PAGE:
Raúl’s overview of the farm left me speechless and giddy: here, there is no produce that’s weeks old and shipped from hundreds of miles away. Ninety percent of vegetables eaten in Havana are grown locally, and all are grown organically. Environmentalist farm geeks eat that shit up. But when I expressed my admiration, Raul laughed incredulously. “Sure, we take pride in the fact that it’s all natural, but it wasn’t a choice,” he told me. “When there was a lack of teachers, an education initiative was created; when there was a lack of food and fuel, people began to farm. Simple.” 

“Sure, we take pride in the fact that it’s all natural, but it wasn’t a choice,” he told me. “When there was a lack of teachers, an education initiative was created; when there was a lack of food and fuel, people began to farm. Simple.” 

Raul was referring to the Special Period. The collapse of the Soviet Union in 1991 propelled Cuba into an economic crisis. Cuba had relied on the Soviets for petroleum, gas, medicine, and food. After the collapse, Cuba remained hostile toward the global capitalist economy, and the U.S. refused to trade with the island nation just 90 miles off the coast, so Cuba faced severe shortages. The average Cuban lost 12 pounds. The Special Period forced Cubans to be extremely resourceful, which led to the development of sustainable agriculture. Due to the lack of imported oil to fuel tractors and chemicals to spray on crops, Cuba resorted to using a system of organopónicos, urban farms like Vivero Alamar that use companion planting, crop rotation, integrated pest management, and human labor. Now, these organic farms are nestled between bustling Havana city blocks.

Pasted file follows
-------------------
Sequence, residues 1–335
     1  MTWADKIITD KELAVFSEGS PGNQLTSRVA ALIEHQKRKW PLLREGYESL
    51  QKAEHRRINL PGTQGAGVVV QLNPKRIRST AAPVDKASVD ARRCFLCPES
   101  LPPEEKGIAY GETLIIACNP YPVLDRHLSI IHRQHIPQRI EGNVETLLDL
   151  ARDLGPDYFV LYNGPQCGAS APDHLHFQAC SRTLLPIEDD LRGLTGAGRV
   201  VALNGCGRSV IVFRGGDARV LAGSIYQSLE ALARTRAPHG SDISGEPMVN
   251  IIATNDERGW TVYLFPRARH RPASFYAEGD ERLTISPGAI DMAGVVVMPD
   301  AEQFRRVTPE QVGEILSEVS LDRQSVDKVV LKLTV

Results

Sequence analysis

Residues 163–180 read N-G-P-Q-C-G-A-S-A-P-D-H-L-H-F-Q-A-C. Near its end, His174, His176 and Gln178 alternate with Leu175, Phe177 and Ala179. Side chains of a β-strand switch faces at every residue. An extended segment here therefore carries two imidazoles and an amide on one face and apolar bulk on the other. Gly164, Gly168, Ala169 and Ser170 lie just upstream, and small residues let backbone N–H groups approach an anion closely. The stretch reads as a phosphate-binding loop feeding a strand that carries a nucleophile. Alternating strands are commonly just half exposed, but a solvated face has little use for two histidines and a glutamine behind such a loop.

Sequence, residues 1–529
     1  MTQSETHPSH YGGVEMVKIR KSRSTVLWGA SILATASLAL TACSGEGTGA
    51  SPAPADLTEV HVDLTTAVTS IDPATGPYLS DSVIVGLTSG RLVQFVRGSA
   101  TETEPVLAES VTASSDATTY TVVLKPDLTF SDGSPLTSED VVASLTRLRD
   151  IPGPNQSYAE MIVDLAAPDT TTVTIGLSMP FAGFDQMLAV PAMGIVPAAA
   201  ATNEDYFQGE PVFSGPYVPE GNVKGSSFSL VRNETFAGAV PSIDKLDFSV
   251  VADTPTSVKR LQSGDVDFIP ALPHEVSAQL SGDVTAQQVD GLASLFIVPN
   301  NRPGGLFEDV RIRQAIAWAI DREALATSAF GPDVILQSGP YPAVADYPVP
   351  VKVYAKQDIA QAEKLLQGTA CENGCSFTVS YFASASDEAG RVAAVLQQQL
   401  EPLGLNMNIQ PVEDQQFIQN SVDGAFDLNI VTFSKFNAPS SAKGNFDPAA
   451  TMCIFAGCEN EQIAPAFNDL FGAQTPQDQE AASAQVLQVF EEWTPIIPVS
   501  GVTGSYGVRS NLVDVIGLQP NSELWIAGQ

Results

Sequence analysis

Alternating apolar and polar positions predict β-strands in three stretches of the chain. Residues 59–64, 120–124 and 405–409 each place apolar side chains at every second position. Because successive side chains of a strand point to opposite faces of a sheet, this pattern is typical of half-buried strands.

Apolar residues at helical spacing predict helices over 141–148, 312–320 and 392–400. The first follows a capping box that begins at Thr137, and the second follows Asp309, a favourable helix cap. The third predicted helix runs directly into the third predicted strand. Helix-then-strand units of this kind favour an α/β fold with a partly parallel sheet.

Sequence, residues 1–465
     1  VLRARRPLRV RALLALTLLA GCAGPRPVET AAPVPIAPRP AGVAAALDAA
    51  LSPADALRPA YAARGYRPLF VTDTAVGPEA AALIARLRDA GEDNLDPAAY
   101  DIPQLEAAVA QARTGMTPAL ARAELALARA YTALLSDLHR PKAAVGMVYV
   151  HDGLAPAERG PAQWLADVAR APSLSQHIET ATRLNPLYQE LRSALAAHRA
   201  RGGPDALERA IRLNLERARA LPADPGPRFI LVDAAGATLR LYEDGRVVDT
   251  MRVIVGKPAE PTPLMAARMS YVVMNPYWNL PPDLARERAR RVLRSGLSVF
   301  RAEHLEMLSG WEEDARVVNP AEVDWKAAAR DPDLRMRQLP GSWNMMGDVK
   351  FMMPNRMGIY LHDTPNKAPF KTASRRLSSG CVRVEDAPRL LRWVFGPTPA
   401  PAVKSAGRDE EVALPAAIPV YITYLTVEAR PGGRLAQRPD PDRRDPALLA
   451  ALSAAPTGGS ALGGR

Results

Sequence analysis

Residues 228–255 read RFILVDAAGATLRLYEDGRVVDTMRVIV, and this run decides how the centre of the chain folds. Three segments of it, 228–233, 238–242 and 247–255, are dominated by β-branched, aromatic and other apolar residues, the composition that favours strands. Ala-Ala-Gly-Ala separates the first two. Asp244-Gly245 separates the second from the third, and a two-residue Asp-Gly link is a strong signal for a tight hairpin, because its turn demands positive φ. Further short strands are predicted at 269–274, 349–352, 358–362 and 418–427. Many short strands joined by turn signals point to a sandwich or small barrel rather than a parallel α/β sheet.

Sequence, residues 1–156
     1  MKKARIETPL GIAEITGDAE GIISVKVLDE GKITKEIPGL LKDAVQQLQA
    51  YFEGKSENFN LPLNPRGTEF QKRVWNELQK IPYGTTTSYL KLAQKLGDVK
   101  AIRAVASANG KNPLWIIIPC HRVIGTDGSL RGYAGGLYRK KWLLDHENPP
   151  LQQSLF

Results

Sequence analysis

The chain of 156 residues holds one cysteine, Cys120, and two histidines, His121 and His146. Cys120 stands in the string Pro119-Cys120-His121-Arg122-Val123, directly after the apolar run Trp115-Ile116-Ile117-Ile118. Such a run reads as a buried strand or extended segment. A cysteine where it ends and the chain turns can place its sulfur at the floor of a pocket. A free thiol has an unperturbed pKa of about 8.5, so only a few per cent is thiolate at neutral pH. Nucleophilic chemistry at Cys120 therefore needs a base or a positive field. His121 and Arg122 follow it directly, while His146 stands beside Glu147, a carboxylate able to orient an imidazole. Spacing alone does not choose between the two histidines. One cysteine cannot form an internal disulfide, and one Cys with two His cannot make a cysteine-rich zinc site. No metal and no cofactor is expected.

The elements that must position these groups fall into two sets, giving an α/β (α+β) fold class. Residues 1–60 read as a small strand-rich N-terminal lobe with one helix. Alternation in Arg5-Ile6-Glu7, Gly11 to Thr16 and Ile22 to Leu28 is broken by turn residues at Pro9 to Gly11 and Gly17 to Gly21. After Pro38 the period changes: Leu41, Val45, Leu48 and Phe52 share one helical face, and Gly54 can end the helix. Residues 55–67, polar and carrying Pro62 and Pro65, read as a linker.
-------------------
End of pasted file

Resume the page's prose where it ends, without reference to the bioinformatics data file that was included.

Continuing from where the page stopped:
From my perch as an affluent American foodie, I had fetishized the natural cultivation techniques, while remaining oblivious to the circumstances that forced Cuba to adopt these food production methods. Unlike activist-minded consumers from the U.S., Cubans never had the privilege to say “no” to Roundup or “yes” to fair trade. In the U.S., organic food is a highly politicized dietary trend—by eating organic, you alter personal consumption in support of alleviating global problems. We have adopted organic farming as a form of protest. But in Cuba, organic agriculture was born of necessity. People needed food, and they didn’t have access to expensive pesticides and machinery; they couldn’t afford to be worry about ethical concern for the quality of the land or, say, the lifestyle of their pigs.